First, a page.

I have been wearing glasses since I was in kindergarten. Those few memories I have of life before that magical moment I remember as being quite blurry, so I know that it was astonishing when I found out that not everyone saw the world the way that I did. Glasses were my saving grace, but they also got me picked on mercilessly (what is wrong with kids, anyway??). And I was always afraid of losing my glasses, breaking my glasses, or having my glasses taken away from me.
One of those horrible incidents happened to my son just after we moved up to Maryland. He was jumped by some kids as they all left the school bus. The driver? Looked the other way and drove off. He walked home with a black eye and his glasses shredded. His little gold wire frame glasses had been ripped apart. I found out later, much later, that the mistake that got him pounded was that a bunch of kids were all calling each other the "N" word as a part of their slang. He had never heard the word used at home (and I guess he didn't hear it in NC, either) and when he joined in, trying in his little Asperger's way to fit in, he set off a firestorm. He didn't know it was bad to say that if you were the wrong color. So they took it out on him and his glasses. I took him home and homeschooled him (while still working) until he was a sophomore in high school. Then, he was big enough that no one messed with him, and he was a little more street smart.
I've never had that happen to me, but it was threatened a lot. Big Rosie on the playground in sixth grade threatened to stomp them into the dust. Later, I was a very good friend of hers, when she became ashamed of her own behavior in the face of my politeness and refusal to fight. Later that year I was finally pushed to fight for myself -- not against Rosie but against a girl who called me a fat pig. Big Rosie was standing in line in the lunchroom, watching the whole thing, grinning from ear to ear. The principal knew me and my family well. She publicly said she was giving us equal punishment, but privately she just told me that I knew better and not to do it again. I never had to. Like my son, I soon towered over the other kids, for awhile at least.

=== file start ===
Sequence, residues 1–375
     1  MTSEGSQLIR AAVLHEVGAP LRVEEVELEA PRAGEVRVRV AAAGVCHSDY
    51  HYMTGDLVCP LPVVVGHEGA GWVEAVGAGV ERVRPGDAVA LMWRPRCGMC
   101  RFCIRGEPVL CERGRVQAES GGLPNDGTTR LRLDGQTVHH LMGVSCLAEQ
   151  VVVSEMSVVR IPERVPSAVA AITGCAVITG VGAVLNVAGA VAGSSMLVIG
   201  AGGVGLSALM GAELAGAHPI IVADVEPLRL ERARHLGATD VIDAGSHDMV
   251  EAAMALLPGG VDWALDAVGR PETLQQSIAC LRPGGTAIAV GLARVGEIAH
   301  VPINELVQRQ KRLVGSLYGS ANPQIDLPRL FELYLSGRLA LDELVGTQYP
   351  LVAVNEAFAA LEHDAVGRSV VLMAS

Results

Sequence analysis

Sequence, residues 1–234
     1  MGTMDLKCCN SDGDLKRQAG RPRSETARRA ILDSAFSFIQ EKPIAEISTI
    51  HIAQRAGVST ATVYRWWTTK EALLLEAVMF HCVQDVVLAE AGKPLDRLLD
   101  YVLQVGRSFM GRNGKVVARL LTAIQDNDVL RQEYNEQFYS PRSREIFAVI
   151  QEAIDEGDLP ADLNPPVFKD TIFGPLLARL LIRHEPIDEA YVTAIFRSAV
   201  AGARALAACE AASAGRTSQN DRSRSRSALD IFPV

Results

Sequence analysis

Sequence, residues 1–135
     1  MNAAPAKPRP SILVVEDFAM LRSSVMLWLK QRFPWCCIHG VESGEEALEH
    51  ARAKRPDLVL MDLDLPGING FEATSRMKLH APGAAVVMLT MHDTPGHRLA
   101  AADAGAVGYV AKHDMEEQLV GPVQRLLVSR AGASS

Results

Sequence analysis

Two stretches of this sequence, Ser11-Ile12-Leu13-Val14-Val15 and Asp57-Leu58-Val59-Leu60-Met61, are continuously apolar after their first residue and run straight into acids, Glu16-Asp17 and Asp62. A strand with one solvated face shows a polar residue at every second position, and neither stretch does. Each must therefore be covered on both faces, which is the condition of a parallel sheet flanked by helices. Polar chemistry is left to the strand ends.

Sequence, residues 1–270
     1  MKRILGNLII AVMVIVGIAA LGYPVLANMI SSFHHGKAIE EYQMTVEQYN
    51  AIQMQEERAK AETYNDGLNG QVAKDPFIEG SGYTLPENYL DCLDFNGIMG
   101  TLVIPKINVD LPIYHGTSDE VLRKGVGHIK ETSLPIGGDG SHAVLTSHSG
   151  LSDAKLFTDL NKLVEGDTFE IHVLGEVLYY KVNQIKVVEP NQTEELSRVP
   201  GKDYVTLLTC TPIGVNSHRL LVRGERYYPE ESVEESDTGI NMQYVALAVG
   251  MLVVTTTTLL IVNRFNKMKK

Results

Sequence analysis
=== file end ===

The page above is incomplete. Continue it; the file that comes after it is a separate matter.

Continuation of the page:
See what a new pair of glasses will bring up in a girl's mind?? There are so many emotions connected to something like glasses. I started wearing contact lenses in the 8th grade in an effort to get noticed for what I "really" looked like, but a couple of years ago I had to stop wearing them due to eye problems. At first I actually would hear myself saying, "I'm sorry" when someone noticed I was wearing glasses instead of contacts. I felt awkward and ugly. Besides, no one knows when you change to a new pair of contact lenses. They do notice when you wear, don't wear, or change your glasses.
I have just changed from wire frames, which I've been wearing for - um? - thirty-two years? The salesperson talked me into plastic frames this time. They are chic, a tawny brown, and make me look smart (snicker!).
I'm having a bit of trouble adjusting to them, as I always do with a new pair. Focusing at a distance is much easier right now than focusing up close...like on this computer that I stare at for much of the day. But after a few days, it will happen. Before you ask me to post a picture, let me assure you that I will - tomorrow. I will be dressed nicely in the morning, and I will let Paul snap a picture for you all so you can see just how smart I look. I hope the SuperGlasses take me up a few points, because I just got my note from my interim adviser at American University instructing me to choose three courses for the fall and two alternates so I can get started with registration. I'm trusting Ken to get my spine ready for all of this driving, and I'm trusting myself to be able to do it. And the glasses? Maybe, just maybe, they'll give me that smoldering poet look.
Peace - D